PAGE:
The Legacy of Black Boy
Sometimes the most frightening things can turn into the most meaningful. Writing my blog about PeTA, was a painful and difficult thing, publishing it was scary. It was scary because I know what I’m potentially up against by speaking the truth about PeTA, I lived it. But I knew telling the truth had to be done and, once I wrote it, I wanted it read far and wide. I did a little research and found the work that Douglas Anthony Cooper has been doing to expose PeTA, I felt he was the one I needed to contact. My hope was that he would read my blog and know the best way to get the truth out so I sent him a Facebook message with a link. Over the course of many hours we communicated and I told him more about my experiences, it felt good to share these things, cleansing. Keeping them locked tight, shared only to those I most trusted, was like having a darkness living inside of me, some nasty companion I hated and couldn’t get rid of. I don’t consider myself to be absolved, but I’m on my way.
Mr. Cooper published a piece on the Huffington Post about my experiences at PeTA. I’m nervous about it, for the same reasons I was scared before, but I’m also very grateful to him for telling my story. I want to honor the dog who saved me, I want Black Boy’s legacy to be one not only of setting me back on my path and helping me find absolution and self-forgiveness, but helping me make a difference in the lives of animals.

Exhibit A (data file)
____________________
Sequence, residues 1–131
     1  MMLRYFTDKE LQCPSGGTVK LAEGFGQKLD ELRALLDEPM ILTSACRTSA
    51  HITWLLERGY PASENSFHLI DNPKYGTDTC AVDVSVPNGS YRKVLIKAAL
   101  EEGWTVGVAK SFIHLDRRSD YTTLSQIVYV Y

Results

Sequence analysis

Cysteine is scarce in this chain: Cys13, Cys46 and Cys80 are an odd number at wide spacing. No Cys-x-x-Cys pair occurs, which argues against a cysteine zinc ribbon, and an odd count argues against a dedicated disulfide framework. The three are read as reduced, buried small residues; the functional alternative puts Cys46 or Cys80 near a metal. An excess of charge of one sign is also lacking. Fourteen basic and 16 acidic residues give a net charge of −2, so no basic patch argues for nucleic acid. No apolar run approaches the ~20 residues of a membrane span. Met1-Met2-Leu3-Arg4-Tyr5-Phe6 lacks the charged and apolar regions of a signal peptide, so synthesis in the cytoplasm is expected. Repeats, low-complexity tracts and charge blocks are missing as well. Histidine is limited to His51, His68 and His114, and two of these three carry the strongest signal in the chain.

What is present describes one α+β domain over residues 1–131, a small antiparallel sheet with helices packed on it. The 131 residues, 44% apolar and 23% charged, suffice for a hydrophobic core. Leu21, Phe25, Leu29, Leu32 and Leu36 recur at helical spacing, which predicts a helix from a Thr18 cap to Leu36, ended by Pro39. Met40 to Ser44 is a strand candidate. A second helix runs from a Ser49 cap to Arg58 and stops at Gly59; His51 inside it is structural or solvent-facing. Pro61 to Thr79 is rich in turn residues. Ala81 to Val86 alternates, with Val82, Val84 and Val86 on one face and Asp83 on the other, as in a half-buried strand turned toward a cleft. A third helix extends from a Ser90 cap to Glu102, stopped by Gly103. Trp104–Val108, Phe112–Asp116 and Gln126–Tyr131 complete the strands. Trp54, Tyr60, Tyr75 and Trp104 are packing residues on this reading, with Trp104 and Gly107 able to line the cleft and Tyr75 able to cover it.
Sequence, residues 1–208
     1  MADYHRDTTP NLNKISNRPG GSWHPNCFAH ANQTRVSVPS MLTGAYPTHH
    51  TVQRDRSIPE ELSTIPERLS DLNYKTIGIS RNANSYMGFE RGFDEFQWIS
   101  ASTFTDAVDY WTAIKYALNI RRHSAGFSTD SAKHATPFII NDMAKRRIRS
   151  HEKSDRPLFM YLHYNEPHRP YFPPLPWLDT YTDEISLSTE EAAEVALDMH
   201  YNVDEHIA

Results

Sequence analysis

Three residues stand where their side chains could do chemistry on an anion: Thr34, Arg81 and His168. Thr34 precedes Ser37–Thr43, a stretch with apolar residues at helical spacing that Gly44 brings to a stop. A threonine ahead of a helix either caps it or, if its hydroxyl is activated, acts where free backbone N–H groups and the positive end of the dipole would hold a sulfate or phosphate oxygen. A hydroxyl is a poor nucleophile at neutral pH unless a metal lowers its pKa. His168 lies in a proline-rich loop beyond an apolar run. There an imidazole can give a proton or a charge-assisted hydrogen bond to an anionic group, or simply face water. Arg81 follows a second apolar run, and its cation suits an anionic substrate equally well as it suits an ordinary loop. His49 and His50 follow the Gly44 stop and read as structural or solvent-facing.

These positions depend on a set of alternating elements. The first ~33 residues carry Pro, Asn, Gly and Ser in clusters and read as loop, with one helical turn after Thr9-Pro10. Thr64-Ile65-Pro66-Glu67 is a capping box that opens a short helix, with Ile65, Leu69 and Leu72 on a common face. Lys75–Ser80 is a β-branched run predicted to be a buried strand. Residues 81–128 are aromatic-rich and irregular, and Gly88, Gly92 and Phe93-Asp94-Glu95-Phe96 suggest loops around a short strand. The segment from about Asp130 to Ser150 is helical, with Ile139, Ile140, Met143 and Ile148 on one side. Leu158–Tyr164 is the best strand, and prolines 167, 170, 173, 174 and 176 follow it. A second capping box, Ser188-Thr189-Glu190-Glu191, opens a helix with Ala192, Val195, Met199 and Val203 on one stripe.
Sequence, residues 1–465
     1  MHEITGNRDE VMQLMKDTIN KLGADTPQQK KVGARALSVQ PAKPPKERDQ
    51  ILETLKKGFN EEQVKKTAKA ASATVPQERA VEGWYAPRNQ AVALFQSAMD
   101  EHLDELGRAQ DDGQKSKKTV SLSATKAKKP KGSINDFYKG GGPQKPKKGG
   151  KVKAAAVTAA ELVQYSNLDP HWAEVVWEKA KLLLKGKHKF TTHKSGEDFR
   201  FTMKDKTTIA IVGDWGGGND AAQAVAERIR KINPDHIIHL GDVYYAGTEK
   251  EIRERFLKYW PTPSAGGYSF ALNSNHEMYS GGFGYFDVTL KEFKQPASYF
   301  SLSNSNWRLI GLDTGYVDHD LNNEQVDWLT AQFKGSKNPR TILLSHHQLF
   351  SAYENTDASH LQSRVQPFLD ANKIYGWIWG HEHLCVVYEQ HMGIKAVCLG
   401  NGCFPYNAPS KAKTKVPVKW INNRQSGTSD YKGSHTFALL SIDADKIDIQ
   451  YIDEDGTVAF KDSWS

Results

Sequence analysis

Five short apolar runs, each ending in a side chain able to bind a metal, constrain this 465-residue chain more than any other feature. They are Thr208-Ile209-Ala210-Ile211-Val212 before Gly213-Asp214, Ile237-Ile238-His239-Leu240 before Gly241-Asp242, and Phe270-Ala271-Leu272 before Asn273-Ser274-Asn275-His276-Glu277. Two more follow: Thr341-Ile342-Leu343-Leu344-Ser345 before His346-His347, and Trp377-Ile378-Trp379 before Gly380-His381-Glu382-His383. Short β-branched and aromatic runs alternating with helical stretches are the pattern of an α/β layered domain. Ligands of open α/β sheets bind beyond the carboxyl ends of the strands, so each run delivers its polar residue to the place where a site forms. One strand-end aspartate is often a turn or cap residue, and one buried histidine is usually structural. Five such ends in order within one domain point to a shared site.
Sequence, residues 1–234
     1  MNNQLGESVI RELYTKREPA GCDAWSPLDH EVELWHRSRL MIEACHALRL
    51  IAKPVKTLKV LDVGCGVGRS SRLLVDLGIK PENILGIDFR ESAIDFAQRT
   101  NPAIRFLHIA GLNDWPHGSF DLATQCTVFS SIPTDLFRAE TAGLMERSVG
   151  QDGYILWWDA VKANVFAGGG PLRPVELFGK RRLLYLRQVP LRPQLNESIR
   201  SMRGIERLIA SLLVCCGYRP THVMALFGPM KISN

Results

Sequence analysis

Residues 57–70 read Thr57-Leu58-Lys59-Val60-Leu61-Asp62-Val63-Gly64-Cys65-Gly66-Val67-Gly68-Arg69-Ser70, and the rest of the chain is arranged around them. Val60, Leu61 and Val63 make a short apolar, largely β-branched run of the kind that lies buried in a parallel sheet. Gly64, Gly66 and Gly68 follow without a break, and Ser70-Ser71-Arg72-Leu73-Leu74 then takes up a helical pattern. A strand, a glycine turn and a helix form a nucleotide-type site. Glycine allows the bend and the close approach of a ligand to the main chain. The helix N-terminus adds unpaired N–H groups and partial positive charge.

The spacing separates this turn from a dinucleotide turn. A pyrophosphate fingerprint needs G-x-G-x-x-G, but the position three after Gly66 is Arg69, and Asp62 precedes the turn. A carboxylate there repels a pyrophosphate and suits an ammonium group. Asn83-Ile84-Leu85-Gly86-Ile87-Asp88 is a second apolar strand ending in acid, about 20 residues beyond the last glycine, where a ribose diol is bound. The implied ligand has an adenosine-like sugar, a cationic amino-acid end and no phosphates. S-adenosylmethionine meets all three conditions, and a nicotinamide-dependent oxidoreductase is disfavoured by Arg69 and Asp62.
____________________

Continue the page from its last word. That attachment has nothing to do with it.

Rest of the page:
This morning I was reading my Twitter feed and I saw Black Boy’s name everywhere, it brought tears to my eyes. This is a dog who meant so little to the person who was supposed to love and care for him that she left him outside in a snowstorm to freeze to death while she sat in her house next door, safe and warm. But he mattered to me, I had come to love him, and if I could go back to that night and change what I did I would do it in a heartbeat, but I can’t. All I can do now is move forward and make sure that Black Boy’s legacy is one of redemption and change.